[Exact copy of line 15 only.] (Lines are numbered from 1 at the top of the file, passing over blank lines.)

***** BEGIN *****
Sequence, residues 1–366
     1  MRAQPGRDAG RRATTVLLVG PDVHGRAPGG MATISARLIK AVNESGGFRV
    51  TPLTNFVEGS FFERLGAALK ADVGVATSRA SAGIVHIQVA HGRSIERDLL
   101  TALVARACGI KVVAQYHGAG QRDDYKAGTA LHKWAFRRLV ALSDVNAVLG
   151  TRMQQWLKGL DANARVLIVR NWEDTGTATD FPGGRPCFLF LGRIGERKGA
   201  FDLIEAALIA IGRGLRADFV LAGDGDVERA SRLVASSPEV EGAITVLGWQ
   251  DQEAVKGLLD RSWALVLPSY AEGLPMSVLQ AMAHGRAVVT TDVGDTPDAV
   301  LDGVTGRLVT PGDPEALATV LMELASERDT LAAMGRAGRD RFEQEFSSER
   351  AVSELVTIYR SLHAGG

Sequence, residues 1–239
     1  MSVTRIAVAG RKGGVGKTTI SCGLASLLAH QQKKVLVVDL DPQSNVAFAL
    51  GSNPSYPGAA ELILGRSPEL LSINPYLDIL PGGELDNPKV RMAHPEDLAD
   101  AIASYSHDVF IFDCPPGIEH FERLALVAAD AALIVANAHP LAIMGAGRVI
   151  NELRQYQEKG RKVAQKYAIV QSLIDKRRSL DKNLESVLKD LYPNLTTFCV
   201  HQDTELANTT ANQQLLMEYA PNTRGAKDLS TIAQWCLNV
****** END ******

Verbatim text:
   201  HQDTELANTT ANQQLLMEYA PNTRGAKDLS TIAQWCLNV